Ricciardo was by no means a certainty to even get the Red Bull drive, yet he ended up as the only non-Mercedes driver to a win race in 2014, and effectively ousted the youngest ever Quadruple World Champion. Before the season started Ricciardo had never won a race, was fully expected to be dominated by Sebastian Vettel, and there was little doubt that he had the most difficult seat on the grid. But nothing could have been further from the truth. Ricciardo was the stronger from Australia to Abu Dhabi and was frequently one of the most entertaining drivers: regularly engaging in some of the best wheel-to-wheel scraps. Not only this, but good ol’ Danny Ric is a great example of what you want from a driver off the track too. There are very few people who don’t like him, and if he goes onto one day become World Champion he will be a credit to the sport. He may not have had to deal with a truly intense inter-team battle, but I think Ricciardo’s domination at Red Bull was the most impressive feat of 2014.
The V6 Turbo era did not only bring fresh entertainment on track, but also caused a tumultuous ripple throughout the paddock and forced the hands of key players off it, most notably at Ferrari. “I’m not here to make Fernando Alonso happy” were the ill-advised words of Marco Mattiacci: and although that obviously wasn’t his only charge, the reality is, yes you were. You were supposed to bring in positive changes: not lose the best driver on the grid and the man who has been responsible for maintaining Ferrari’s reputation over the last five years. Alonso’s departure was down to the car of course, but it’s hardly surprising that this U.S. car salesman got the chop after only a few months in charge.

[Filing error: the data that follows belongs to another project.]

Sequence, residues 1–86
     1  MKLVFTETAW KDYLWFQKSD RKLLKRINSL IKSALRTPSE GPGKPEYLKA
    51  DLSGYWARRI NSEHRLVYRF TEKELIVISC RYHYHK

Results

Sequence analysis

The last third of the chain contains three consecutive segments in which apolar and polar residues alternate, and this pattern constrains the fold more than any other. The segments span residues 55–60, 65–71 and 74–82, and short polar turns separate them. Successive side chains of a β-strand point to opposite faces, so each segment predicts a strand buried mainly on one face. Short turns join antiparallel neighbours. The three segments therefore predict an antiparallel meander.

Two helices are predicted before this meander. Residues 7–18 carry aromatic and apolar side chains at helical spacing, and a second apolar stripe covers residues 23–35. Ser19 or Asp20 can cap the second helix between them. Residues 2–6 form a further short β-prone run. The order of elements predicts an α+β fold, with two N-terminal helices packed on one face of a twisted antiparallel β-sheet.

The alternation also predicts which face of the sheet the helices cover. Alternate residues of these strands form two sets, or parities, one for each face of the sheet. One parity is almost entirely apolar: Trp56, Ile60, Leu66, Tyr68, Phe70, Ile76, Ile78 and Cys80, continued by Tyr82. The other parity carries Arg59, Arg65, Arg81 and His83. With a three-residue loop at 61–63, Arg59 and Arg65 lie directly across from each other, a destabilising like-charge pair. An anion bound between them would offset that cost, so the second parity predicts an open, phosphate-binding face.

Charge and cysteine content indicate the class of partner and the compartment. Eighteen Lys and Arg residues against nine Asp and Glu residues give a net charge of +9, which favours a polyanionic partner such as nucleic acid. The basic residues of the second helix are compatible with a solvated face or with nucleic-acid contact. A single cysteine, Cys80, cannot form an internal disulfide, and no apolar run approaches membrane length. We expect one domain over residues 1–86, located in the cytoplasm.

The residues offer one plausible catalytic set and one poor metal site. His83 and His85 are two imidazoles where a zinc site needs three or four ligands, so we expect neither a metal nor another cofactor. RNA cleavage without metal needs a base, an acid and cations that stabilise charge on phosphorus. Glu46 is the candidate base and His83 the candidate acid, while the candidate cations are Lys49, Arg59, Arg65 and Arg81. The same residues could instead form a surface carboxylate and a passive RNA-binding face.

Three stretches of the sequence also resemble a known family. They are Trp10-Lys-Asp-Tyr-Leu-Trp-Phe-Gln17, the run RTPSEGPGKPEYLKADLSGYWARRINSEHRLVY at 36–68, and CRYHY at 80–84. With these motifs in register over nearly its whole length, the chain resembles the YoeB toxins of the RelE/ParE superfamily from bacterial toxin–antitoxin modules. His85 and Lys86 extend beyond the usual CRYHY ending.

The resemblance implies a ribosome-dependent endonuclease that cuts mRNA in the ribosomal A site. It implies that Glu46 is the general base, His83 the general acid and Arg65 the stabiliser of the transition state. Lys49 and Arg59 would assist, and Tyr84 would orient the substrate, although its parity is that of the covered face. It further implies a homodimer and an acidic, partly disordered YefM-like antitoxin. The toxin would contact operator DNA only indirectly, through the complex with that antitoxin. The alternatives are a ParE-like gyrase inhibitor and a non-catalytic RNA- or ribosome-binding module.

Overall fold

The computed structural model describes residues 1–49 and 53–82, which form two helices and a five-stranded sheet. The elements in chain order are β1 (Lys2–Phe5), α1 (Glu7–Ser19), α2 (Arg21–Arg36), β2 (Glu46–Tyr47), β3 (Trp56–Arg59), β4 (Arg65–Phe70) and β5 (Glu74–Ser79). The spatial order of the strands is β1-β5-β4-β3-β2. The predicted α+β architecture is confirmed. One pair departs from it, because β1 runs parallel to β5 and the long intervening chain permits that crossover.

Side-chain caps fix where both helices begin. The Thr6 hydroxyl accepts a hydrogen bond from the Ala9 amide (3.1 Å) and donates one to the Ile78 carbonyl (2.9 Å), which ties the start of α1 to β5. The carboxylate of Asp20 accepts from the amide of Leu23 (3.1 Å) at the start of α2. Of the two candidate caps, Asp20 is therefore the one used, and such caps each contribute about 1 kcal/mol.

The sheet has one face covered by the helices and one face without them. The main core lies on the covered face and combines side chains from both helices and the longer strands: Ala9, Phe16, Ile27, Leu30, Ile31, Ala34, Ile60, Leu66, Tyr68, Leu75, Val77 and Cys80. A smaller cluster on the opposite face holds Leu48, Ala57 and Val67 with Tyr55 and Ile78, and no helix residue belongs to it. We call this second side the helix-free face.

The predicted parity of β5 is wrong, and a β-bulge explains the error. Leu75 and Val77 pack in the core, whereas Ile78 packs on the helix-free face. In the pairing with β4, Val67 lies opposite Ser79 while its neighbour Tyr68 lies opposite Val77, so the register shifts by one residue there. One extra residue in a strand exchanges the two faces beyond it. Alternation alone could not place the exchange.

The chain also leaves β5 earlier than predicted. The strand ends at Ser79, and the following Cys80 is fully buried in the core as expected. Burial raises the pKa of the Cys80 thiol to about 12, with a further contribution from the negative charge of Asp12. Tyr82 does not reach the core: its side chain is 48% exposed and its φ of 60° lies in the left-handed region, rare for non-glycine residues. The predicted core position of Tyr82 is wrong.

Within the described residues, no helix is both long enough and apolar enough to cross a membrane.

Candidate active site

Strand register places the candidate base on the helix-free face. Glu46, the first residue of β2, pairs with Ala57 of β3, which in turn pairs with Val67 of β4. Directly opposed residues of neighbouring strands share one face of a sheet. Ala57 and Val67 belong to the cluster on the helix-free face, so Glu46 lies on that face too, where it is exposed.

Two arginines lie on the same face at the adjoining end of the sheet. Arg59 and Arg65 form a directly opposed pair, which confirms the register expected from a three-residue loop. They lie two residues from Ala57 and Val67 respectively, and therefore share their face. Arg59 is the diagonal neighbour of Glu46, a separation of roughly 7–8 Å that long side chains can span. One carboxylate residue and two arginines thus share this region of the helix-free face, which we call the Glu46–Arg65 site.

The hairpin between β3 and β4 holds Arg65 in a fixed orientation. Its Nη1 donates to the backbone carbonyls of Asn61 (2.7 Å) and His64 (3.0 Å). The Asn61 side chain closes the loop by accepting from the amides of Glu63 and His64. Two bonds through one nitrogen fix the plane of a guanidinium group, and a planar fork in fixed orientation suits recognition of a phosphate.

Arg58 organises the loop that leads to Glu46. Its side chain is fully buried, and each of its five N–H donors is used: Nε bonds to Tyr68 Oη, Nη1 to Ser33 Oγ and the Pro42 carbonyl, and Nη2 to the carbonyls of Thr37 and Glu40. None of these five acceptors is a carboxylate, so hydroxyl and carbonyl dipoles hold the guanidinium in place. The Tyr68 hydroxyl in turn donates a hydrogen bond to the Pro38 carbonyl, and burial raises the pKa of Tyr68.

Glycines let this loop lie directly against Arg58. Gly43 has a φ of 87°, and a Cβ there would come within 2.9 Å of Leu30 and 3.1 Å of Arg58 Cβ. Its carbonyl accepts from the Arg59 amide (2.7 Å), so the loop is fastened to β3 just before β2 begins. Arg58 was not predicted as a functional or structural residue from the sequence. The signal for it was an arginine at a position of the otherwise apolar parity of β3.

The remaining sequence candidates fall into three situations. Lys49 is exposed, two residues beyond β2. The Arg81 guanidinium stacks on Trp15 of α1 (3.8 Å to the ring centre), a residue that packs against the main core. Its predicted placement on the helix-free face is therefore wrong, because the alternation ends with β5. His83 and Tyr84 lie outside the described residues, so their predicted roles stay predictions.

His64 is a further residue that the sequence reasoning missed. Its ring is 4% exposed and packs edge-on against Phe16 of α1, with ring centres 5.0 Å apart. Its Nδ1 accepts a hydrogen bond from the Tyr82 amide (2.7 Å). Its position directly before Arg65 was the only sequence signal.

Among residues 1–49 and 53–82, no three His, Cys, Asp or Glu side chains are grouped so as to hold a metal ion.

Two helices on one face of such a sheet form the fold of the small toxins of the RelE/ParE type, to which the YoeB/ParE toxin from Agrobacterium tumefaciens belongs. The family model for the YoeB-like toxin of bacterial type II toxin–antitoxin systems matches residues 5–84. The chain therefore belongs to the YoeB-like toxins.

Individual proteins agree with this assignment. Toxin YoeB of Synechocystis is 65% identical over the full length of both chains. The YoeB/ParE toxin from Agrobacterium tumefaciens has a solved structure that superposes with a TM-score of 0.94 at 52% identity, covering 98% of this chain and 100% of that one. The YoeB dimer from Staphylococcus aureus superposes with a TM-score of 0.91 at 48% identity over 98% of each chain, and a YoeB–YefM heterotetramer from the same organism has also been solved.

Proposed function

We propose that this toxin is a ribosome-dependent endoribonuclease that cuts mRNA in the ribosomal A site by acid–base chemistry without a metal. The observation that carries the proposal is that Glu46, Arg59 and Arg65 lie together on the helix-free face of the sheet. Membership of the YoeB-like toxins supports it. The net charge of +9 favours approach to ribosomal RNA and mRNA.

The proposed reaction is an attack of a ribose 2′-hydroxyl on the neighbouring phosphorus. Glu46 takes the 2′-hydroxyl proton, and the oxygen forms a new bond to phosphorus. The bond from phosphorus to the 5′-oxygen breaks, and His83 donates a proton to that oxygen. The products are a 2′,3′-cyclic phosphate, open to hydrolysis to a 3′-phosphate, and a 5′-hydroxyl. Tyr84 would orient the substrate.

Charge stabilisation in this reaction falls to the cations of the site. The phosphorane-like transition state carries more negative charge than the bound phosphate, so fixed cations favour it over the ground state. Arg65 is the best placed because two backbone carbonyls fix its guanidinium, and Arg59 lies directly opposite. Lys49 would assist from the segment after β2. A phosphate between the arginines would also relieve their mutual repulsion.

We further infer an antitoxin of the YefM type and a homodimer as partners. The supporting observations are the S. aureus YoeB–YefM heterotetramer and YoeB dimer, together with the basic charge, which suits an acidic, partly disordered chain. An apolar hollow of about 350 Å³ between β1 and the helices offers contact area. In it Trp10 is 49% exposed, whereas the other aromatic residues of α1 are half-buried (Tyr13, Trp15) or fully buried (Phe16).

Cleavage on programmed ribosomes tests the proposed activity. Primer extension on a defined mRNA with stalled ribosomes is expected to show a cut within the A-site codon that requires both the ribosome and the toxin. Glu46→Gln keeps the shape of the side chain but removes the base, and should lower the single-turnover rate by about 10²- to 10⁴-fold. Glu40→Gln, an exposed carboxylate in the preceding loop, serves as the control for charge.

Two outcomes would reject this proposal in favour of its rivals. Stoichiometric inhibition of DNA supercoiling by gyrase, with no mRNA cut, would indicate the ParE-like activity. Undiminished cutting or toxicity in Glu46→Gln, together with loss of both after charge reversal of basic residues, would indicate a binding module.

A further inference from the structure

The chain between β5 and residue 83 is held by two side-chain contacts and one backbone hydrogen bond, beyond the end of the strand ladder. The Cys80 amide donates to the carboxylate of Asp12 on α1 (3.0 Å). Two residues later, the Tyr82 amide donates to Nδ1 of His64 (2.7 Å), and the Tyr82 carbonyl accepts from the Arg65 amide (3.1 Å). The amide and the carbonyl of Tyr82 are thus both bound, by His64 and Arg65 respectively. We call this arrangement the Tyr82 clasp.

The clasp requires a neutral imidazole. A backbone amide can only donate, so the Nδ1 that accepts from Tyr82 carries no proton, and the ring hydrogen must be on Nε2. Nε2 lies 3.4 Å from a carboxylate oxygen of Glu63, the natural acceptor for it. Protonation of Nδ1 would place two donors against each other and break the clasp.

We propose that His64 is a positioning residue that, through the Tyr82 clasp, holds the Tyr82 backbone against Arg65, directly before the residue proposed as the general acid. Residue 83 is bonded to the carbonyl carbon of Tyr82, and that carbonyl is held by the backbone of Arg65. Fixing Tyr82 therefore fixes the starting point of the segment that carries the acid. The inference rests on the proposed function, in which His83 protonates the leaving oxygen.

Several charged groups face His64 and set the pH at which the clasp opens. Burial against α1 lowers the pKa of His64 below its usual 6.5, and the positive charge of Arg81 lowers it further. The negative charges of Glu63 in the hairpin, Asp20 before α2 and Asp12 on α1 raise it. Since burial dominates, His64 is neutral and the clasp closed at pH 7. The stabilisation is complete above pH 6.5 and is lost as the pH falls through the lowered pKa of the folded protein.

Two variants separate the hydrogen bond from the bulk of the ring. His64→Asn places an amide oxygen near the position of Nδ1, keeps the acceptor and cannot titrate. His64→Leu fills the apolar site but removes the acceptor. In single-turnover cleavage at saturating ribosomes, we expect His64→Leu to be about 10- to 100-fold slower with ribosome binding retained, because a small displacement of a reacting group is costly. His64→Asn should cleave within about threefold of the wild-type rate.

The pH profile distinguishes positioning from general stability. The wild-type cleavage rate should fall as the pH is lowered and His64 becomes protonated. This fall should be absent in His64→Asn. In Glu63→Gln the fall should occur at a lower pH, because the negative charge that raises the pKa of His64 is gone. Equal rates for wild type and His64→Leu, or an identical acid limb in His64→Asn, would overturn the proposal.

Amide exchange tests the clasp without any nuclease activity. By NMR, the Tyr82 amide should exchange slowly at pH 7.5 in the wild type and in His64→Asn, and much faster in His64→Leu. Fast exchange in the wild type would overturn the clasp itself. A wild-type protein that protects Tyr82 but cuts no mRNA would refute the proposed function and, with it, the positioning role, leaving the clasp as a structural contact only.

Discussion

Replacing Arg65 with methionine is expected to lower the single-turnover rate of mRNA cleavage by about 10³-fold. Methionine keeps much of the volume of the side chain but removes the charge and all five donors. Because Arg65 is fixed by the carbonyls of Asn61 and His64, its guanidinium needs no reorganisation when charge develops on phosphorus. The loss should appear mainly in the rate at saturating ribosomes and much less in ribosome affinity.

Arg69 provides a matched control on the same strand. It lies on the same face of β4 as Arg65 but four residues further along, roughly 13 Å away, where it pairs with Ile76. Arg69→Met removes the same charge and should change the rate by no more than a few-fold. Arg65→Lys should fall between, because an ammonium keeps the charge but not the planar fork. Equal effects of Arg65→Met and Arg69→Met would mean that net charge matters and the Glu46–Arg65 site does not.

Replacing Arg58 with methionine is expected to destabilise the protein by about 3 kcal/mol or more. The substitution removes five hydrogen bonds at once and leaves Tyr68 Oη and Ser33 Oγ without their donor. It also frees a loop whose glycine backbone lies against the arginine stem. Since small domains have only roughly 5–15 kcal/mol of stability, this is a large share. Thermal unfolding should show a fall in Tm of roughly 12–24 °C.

This led onto the Alonso/McLaren saga and the disrespectful treatment of Jenson Button by Ron Dennis and those in command at McLaren. To hang a former World Champion and one of the most popular drivers on the grid out to dry, is just wrong. Ron Dennis can come out with whatever verbal diarrhoea (or “Ronspeech” by its politically correct name) he wants, but the reality is he has mistreated a driver who has consistently delivered and been a true professional. If this was to be Button’s last season, he did not deserve to go out in such unbefitting circumstances.
But still, that’s motorsport. Jenson will be fine wherever he goes, and Ferrari will endure, despite their inability to progress under the new regulations. The escalating cost of which, has only highlighted the structural flaws in Formula One. Small teams may come and go, but change is needed. Bernie Ecclestone has done little this year other than sully his already controversial reputation. You want to know what young people want Bernie: entertaining racing, drivers that aren’t corporatised and mind-numbingly boring, and a healthy sport which allows for fair competition. It’s pretty simple really: we want the same as what every other Formula One fan wants. Not double points and pole trophies.
Despite the sport being close to a state of crisis, this has been largely rectified by a number of fantastic races and along with a constant source of controversial talking-points and debates means the 2014 season has been highly entertaining.
How long Hammer-time will last is yet to be seen, and this is one of the most frustrating things for Hamilton fans: because with Lewis you never know, just look at what happened after 2008. But, if he keeps progressing the way he has this season, and behind the wheel of the Mercedes, Hamilton could be looking at a substantial haul of Championships before he retires.
Ultimately though we must end on a sombre note, as Hammer-time is not the most important message broadcasted in 2014; but the two messages of support for Michael Schumacher and Jules Bianchi: Keep-Fighting-Michael and Forza-Jules.